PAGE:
The Free Press, Mankato, MN

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November 7, 2013

New book documents proliferation of second-wave Ku Klux Klan as political, social group in southern MN

New book documents proliferation of second-wave Ku Klux Klan as political, social group

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The Fairmont Sentinel reported there wasn’t a single instance of disorderly conduct or trace of alcohol observed.

A passage in Hatle’s book states: “Also at the July weekend, there was a ‘living cross’ at the event composed of 250 robed Klansmen, each holding a red torch. The voices of several hundred Klanswomen, set aside from the crowd a quarter of a mile away, could be heard singing to the crowd in perfect pitch and harmony to their large audience.”

Mankato also had a KKK presence, with passages in the book indicating cross-burnings and Klan initiation ceremonies. Mankato Daily Free Press reports seemed supportive of the KKK presence, stating the group advocated the tenants of Christianity, white supremacy, protection of “pure womanhood” and the upholding of the Constitution of the United States, Hatle said.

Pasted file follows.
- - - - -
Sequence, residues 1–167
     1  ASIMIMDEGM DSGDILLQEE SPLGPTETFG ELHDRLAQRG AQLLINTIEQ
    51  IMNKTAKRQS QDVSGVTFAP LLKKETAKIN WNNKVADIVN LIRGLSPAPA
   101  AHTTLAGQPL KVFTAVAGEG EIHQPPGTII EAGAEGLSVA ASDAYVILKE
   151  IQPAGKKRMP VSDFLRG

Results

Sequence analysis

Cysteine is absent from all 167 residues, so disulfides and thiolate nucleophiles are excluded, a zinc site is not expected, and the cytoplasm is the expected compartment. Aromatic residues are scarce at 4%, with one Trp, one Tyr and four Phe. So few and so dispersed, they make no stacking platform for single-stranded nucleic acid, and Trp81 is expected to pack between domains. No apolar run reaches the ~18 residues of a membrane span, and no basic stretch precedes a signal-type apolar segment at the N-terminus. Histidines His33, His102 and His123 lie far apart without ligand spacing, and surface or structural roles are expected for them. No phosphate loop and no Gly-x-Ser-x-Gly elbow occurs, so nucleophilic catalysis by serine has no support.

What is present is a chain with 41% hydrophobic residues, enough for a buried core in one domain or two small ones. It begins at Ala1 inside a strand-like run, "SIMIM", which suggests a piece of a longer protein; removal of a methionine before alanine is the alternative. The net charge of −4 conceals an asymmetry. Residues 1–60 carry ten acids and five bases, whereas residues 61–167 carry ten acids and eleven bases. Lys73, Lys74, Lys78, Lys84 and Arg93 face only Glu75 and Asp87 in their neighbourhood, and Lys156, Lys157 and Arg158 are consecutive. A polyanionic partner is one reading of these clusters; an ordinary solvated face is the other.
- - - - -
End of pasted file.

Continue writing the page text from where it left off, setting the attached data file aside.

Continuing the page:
Jessica Potter, executive director of the Blue Earth County Historical Society, said she has touched every artifact in the society’s collection, and there are no KKK photos or artifacts. When she first learned of the KKK presence here, she said she was surprised.

“You look them up today and you say, ‘They did what?’” Potter said, adding that, at the time, the group truly believed they were promoting what was right and just.

The broader context of the era shows there were actually numerous fraternal organizations, not just the KKK, Potter said. Just like the rest of the country, groups such as the Odd Fellows and numerous others were very popular during the 1920s era in southern Minnesota, brought about by Women’s Suffrage, urbanization, the “Jazz Age,” prohibition and other societal changes.

“Secret societies go back to before the turn of the century and long before that,” she said. “It’s just a different generation, and it’s how that generation thought they should act. … It’s a very different time, and it was a very active part of culture.”

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